Seven datoon toothbrushes, India, 1880-1920
The twigs of the neem or margossa tree have been used in India as ‘datoon’ toothbrushes. This is a practice that has gone on for centuries. Indeed, trees of this type are often referred to as ‘toothbrush trees’. Chewing the twigs releases chemicals in the plant that can kill bacteria and greatly reduce the build up of plaque on the teeth. The longest twig measures 270 mm in length. The toothbrushes were bought from the local bazaar by the Indian Museum in Calcutta (now Kolkata) who later donated the toothbrushes to the Wellcome collections.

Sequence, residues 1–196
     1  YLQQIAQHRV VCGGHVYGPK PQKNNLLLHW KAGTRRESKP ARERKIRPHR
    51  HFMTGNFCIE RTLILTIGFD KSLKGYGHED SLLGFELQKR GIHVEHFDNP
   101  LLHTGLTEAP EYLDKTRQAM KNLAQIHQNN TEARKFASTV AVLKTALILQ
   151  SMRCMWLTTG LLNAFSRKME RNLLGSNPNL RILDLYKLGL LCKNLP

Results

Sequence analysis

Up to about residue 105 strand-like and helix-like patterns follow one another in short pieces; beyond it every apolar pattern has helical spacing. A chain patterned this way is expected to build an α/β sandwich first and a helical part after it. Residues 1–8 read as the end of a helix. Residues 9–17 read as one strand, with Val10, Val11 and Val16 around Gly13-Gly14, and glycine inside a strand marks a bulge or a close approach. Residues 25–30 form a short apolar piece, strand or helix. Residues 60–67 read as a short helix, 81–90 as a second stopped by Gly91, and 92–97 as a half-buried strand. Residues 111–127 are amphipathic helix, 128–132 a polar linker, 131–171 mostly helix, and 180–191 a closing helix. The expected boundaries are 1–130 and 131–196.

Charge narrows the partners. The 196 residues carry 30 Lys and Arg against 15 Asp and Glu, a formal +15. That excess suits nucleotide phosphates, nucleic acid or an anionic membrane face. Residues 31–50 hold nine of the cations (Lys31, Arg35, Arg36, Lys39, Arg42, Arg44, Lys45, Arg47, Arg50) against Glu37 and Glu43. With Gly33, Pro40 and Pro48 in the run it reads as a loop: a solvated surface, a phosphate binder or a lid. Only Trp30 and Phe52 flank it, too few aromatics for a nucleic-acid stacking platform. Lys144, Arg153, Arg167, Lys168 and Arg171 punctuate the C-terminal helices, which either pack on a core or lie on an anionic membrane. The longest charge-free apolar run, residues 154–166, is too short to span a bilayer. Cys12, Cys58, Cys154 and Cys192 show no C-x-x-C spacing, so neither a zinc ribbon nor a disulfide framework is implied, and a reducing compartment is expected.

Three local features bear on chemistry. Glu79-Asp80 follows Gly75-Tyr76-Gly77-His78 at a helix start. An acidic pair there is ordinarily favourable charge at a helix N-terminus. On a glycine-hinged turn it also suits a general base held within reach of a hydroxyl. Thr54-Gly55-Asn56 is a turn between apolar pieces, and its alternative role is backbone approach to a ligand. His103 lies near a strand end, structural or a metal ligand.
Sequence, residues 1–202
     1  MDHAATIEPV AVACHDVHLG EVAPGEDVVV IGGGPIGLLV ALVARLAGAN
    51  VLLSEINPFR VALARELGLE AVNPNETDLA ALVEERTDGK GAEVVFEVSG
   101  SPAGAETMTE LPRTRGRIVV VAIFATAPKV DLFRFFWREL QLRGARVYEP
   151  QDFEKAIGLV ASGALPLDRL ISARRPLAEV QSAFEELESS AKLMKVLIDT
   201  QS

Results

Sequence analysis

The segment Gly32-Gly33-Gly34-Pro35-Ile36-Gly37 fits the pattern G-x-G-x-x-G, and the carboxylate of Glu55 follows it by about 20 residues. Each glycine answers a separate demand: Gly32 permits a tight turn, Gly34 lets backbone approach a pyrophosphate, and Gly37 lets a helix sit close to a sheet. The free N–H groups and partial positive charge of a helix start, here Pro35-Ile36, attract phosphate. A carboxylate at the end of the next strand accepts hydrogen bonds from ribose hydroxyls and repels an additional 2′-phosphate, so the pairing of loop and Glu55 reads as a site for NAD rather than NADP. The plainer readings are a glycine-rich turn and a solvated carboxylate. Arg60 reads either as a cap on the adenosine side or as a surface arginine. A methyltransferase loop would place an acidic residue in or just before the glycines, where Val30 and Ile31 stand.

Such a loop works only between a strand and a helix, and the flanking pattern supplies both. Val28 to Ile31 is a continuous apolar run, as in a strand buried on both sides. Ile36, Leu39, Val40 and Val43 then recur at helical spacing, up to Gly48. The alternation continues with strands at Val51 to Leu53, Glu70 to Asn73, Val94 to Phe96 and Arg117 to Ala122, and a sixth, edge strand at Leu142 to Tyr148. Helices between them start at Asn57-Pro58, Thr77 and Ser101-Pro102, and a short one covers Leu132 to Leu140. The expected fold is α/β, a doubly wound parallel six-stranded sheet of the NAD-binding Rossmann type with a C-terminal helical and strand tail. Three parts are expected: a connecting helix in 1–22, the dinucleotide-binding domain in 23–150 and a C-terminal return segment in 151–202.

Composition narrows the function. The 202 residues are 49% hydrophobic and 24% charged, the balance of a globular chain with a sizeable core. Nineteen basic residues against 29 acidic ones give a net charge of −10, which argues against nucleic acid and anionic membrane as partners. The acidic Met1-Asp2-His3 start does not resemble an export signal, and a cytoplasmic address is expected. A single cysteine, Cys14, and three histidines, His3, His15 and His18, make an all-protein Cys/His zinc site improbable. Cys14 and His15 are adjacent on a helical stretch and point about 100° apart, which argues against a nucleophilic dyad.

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Small brushes, with long handles, for cleaning the teeth. A variety of oral hygiene measures have been used since before recorded history. This has been verified by various excavations done all over the world, in which tree twigs, bird feathers, animal bones and porcupine quills that had been used to clean or brush ones teeth were recovered.